Having spent six days in Horatio’s Garden Stoke Mandeville, artist and dedicated charity supporter Miranda Creswell has been reflecting on her time in the garden, describing her residency as “totally inspiring”. She shared that “it was a very special two weeks” and that she “heard nothing but high praise for the garden and the staff and volunteers.”
Miranda’s project centered around placing magnifying glasses, or loupes, throughout the garden, with patients then looking through them to create their own works depending on what they saw.
People were immediately intrigued by the loupes, which prompted a gathering of people to safely join Miranda on her first day in the garden room. Together the crowd covered all kinds of subjects, from Turner to time, from bees to seeds. This encouraged everyone to embrace the creative mindset, which certainly set the tone for the coming days.
After spending the first day in deep, inspiring discussion, a handful of patients immediately began painting on Miranda’s second day in the garden, including Emma, who created postcards to send to some of her family in France.
By the third day, enthusiasm for Miranda’s creative idea had grown again. As patients had been exploring the garden, carefully observing where the bees were congregating and pinpointing which areas were their personal favourites, they began to suggest where to place the loupes for maximum creative impact. Similarly, they artfully suggested that any finished works were placed amongst the planting as a form of natural framing, which perfectly showcased every artwork.
The emphasis placed on nature started to evoke memories too, with another patient joining Emma in the garden to paint seascapes she’d previously visited and could vividly remember in her mind. With the creative scope of the sessions organically broadening the more people looked into the loupes, a host of people gathered in the garden to paint and to generally learn more about art and nature.
One lady, Liz, began drawing by thoughtfully studying bunches of flowers, with Miranda giving her and others sketch books to take away with them so that they continue after she’d left for the day. Miranda also came bearing reference books for one man, a former Chemistry teacher, so that together they could discuss the works of van Gough, Hokusai and Rembrandt, as well as addressing the relationship between science and art. Similarly, having heard from one man that he wasn’t particularly artistic, but that he was interested in insects, Miranda delivered a sample box of bees to him, which was naturally much-appreciated.
By now everyone expected to while away the day by embracing artistry and Miranda didn’t disappoint when she arrived for her fifth session in the garden holding a selection of postcards from the Ashmolean Museum and from an art supplier in Oxford. Handing them out to see what people thought, everyone enjoyed sharing their views and taking the time to thoughtfully consider the art before them.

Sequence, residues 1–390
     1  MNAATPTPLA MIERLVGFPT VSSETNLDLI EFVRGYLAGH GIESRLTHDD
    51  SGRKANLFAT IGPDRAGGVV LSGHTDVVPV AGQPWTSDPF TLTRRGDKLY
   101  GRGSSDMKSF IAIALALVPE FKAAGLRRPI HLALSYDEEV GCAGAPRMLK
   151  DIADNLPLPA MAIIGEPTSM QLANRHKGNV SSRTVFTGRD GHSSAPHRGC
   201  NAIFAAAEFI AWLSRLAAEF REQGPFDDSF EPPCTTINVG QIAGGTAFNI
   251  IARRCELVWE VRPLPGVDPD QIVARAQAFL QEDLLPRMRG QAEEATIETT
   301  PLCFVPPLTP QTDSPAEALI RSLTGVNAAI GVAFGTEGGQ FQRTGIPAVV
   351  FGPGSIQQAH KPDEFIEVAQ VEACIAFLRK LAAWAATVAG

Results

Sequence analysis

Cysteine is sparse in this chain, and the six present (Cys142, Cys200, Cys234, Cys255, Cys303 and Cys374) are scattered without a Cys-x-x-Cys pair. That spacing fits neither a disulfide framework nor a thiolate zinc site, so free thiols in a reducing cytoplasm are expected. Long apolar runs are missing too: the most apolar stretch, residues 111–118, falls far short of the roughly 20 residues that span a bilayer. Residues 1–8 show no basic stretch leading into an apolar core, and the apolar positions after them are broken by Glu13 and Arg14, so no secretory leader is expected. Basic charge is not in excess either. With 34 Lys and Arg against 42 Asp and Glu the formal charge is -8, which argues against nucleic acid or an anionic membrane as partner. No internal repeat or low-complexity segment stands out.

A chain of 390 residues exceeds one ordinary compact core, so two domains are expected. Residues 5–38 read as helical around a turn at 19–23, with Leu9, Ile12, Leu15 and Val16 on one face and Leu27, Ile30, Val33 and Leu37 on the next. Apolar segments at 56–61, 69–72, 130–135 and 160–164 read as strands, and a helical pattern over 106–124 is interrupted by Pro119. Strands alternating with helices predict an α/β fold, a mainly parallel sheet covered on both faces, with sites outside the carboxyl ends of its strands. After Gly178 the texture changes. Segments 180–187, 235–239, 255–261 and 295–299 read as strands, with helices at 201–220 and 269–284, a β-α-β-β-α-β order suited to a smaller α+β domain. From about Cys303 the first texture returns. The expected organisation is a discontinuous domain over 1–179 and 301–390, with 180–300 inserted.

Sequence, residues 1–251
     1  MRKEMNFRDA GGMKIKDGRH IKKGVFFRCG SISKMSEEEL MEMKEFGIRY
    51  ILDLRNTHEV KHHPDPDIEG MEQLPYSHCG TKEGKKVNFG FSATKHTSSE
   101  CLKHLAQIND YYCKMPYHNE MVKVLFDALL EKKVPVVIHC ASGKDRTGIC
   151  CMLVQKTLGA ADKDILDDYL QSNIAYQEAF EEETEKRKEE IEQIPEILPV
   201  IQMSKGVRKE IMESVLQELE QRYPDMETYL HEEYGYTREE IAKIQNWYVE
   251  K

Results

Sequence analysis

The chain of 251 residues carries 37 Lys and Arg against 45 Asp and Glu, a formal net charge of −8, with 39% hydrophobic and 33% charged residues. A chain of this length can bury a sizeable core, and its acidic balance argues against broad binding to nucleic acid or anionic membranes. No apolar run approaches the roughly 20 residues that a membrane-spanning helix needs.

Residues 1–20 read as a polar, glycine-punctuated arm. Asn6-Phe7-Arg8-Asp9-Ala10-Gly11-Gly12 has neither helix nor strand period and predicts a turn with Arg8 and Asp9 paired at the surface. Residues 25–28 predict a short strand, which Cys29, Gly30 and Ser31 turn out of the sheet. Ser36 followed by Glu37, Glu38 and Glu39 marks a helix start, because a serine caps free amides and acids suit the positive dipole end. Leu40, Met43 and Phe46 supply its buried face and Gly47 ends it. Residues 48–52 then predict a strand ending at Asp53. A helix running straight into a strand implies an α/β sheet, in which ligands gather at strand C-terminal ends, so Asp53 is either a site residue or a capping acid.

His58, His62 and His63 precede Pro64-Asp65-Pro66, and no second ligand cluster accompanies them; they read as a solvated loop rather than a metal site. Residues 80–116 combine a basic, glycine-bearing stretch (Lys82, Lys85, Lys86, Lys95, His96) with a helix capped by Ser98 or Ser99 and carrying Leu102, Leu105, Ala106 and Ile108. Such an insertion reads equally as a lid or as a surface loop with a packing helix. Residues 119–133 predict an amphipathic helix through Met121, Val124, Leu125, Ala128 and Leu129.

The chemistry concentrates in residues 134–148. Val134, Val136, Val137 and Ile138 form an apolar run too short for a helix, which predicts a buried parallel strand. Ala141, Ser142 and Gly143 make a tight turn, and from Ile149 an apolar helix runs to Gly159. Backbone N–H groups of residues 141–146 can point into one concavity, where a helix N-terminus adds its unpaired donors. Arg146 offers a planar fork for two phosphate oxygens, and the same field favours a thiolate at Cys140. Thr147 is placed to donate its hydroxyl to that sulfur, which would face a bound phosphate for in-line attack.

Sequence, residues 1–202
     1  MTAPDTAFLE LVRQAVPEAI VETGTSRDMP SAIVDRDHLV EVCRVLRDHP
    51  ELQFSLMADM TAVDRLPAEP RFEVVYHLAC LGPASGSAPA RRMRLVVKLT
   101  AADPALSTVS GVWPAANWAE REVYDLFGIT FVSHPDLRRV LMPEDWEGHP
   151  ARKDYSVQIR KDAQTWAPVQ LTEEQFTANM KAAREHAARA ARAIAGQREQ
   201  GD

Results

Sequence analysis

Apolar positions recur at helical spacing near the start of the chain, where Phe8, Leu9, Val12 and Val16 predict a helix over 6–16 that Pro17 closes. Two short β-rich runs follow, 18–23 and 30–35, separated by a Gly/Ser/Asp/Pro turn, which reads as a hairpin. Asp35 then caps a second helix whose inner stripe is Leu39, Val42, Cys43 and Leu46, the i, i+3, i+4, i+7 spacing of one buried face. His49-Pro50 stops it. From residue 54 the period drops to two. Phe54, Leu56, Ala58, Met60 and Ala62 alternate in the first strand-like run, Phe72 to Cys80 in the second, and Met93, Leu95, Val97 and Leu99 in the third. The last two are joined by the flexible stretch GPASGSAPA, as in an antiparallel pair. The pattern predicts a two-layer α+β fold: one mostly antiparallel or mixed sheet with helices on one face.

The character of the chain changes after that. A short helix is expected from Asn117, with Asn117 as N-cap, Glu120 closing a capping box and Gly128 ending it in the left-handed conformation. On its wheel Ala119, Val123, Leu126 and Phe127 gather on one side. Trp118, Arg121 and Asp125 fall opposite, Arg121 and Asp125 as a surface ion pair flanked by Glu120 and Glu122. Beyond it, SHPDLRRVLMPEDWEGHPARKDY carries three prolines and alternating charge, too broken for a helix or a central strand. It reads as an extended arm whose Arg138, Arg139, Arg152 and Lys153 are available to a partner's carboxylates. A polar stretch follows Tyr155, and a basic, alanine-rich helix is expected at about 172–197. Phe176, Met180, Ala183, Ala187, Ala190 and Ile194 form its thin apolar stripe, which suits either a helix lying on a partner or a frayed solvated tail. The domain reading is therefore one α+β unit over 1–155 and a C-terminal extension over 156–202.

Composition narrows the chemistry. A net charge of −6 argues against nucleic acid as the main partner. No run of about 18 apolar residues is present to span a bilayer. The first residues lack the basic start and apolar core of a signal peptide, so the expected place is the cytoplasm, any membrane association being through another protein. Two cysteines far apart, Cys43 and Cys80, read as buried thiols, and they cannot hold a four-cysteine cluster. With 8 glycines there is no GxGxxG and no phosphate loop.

Some people regarded them as especially inspirational, including one lady who took a postcard to show her Occupational Therapist, as together they’ve been working on a silk painting that she’s currently completing using her mouth. Liz was also inspired by the postcards to embark upon three pastel drawings, persisting despite one element of her chosen subject proving to be tricky and creating a beautiful, finished piece. Meanwhile, another patient happily accepted Miranda’s gift of three postcards, telling her that he’d be putting them around his bed as soon as he could.
By the end of Miranda’s time in the oasis, everyone was out painting and chatting in the garden. It was particularly wonderful to see patients encouraging each other, with Liz successfully persuading her entire ward to come outside and paint. Together they sat at a shaded table creating pastel drawings of natural scenes, whilst nearby Emma embarked upon another new piece, this time a butterfly in ink that she was absolutely delighted with.
Head Gardener Amy has been involved throughout Miranda’s residency too, joining the groups and bringing different materials and seed heads from the garden for people to study, often engaging in the discussions they’ve prompted herself too.
Countless members of the NHS team working on the ward have kindly taken the time to tell patients how impressive their pieces are as well, sharing that Miranda’s time in the garden has evidently made a real difference.
It’s been a joy to welcome Miranda to the garden and we know everyone appreciated her presence. With comments including, “it’s been so relaxing doing this”, “it’s really interesting how it’s making me think about insects and bees” and “it doesn’t matter what you do, or how good it is, it’s just the pleasure of the activity”, we sincerely hope we’ll be able to welcome Miranda and many more artists back to the garden soon. With such a wealth of work produced, it’s a proves that a little bit of gentle, creative encouragement can be an immense, rewarding source of inspiration.